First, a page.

The motivations behind committing to open government are diverse, and range from international pressure, to individual political agendas, to inherited policies, to true multi-stakeholder interest. Often commitments lack either the political will needed to deliver them, or the analyses required for their implementation, monitoring, and evaluation. The outcomes are agreements that bring about little to no change, leaving behind just words on paper.

A few examples of whitewashing are:

  • The adoption of global indicators for regulatory governance from a country that has the infrastructure for implementation, by one that lacks the same.
  • Adoption of European Union best practices without the necessary will, support, or capacity needed for their implementation and sustainability.
  • Joining the Open Government Partnership (OGP) without understanding the kind of administrative environment needed to develop and implement an action plan.
  • Development of a strong Access to Information (A2I) law without a robust support system and process for enforcement. Or development of a weak A2I law, while maintaining a rigid enforcement mechanism and thus reinforcing the opacity of the institutional system and putting an extra burden on requesters.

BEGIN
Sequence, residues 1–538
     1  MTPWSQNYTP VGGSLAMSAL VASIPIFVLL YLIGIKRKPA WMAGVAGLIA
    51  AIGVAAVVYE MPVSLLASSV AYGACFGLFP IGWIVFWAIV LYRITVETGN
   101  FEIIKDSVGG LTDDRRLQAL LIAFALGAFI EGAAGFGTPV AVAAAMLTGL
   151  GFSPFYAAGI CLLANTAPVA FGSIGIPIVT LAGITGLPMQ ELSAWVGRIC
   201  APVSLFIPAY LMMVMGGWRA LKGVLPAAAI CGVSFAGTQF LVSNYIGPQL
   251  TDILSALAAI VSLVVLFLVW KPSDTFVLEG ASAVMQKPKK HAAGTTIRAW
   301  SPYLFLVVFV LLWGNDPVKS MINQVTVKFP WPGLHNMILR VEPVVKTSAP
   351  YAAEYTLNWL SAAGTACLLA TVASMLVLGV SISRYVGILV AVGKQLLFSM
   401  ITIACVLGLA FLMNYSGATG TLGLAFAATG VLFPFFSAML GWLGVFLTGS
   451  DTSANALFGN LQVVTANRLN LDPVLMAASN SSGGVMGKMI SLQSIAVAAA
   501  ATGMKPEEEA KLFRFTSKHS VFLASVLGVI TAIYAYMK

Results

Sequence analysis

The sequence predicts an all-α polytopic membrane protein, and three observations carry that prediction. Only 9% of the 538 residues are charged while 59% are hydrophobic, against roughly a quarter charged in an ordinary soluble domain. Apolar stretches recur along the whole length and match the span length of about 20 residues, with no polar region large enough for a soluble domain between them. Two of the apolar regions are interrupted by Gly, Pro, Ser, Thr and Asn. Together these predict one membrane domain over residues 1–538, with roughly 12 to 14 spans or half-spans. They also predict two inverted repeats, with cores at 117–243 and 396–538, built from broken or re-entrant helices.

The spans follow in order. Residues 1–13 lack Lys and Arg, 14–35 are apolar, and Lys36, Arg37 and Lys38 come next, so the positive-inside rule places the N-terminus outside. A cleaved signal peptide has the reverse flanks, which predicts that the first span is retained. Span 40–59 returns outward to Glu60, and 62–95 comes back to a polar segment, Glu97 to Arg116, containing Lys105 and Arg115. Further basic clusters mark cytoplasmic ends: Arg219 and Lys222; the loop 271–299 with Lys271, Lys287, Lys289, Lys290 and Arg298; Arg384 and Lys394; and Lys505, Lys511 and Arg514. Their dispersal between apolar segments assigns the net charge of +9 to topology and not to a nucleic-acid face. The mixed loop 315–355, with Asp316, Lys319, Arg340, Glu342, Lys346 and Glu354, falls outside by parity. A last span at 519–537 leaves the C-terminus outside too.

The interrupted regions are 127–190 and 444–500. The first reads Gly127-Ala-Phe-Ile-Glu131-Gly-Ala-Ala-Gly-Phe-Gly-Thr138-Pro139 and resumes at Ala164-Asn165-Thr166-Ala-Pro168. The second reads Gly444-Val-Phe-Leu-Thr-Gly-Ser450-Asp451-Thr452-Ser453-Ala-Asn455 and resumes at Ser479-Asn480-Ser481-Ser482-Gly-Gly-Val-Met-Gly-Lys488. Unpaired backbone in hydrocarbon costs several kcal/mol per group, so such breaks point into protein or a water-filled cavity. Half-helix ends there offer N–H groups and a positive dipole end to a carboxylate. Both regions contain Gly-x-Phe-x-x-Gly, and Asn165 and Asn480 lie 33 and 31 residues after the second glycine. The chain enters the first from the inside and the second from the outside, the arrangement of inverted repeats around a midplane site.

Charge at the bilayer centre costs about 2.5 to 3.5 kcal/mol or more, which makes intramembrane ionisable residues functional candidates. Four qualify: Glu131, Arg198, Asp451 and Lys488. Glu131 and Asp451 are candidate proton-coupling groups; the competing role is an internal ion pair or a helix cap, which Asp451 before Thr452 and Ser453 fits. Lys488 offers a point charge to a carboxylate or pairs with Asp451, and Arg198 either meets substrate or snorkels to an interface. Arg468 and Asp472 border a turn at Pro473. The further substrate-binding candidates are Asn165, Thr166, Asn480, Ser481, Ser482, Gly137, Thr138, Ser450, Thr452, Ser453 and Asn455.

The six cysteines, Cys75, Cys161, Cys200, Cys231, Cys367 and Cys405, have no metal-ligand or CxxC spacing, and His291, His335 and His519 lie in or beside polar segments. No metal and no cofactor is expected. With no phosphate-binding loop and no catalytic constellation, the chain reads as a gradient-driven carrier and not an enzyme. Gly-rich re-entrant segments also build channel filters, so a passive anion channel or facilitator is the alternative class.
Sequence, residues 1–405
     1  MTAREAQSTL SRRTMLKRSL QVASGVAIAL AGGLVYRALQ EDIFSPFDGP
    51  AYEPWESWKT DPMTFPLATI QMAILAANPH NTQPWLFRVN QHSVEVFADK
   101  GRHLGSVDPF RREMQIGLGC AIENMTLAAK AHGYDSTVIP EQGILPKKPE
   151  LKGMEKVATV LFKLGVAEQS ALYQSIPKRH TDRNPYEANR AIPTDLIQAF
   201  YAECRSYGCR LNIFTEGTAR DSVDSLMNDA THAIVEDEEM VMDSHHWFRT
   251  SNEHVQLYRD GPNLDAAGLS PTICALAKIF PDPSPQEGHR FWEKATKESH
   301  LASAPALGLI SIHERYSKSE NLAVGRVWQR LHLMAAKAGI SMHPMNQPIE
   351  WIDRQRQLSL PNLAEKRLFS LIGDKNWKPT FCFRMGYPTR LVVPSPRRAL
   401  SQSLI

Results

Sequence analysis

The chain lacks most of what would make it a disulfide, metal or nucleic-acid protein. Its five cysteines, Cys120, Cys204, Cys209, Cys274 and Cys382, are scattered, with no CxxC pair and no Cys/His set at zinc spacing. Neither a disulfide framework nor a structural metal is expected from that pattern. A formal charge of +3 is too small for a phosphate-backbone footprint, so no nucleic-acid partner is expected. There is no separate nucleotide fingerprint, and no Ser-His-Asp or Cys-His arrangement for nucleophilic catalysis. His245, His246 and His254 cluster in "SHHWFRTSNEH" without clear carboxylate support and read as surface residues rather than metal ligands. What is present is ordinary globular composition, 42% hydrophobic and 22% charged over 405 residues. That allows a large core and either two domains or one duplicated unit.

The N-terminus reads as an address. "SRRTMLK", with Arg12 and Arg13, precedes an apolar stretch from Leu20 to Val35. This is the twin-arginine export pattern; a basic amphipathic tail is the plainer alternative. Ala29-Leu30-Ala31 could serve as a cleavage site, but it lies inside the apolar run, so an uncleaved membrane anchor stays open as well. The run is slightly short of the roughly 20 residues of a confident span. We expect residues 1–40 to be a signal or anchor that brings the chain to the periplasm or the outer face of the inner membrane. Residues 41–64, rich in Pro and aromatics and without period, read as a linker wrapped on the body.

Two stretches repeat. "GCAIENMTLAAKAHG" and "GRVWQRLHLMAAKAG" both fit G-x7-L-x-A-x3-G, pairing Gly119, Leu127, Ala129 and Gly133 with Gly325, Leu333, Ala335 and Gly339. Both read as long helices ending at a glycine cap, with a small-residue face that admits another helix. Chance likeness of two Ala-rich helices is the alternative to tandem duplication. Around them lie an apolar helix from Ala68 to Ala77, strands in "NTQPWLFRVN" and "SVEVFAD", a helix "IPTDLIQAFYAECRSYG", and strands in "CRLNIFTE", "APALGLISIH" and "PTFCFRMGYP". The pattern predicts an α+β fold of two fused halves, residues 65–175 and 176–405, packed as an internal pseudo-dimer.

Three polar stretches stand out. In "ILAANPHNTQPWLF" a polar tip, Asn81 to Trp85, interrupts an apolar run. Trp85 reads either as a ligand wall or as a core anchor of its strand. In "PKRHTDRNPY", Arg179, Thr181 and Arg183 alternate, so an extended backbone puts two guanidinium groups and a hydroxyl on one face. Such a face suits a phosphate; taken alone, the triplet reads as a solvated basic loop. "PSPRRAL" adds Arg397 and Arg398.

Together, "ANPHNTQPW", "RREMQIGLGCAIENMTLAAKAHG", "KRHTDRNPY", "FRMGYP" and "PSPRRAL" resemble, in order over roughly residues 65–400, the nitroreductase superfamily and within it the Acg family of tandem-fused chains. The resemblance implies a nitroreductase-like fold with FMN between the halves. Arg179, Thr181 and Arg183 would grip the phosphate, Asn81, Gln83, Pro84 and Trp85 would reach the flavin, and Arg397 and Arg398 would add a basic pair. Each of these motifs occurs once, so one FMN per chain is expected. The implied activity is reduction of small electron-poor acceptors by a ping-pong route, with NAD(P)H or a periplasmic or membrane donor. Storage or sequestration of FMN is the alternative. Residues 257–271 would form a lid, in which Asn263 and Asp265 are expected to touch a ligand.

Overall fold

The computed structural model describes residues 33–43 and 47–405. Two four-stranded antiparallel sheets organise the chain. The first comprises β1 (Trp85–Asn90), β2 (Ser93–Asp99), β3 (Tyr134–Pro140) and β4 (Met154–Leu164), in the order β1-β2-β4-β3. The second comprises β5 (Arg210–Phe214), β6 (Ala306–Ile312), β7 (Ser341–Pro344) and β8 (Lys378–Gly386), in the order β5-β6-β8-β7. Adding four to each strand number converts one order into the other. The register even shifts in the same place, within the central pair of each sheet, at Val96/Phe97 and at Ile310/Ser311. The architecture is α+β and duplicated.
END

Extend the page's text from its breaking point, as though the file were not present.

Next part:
Common Scenarios

There are many reasons why we witness whitewashing, including: commitments are chosen and written poorly, commitments are made to the right thing but in the wrong way, low levels of encouragement to participate in the process, and formal engagement but little meaningful commitment. Common whitewashing scenarios include:

Scenario 1: We have an agenda, but...
  • It is unrealistically ambitious.
  • It is vague and lacks ambition.
  • It is very detailed, but unambitious.
Scenario 2: We have no agenda, and...
  • Only have declarations without any concrete steps to be taken.
Scenario 3: We used to have an agenda, but...
  • There is a political vacuum, and due to political reasons (e.g. de-prioritisation, changes in government, elections, changes in responsible officials) the commitment is in a stalemate.
  • There is a change in the broader political agenda, which reduces the perceived priority of the commitment.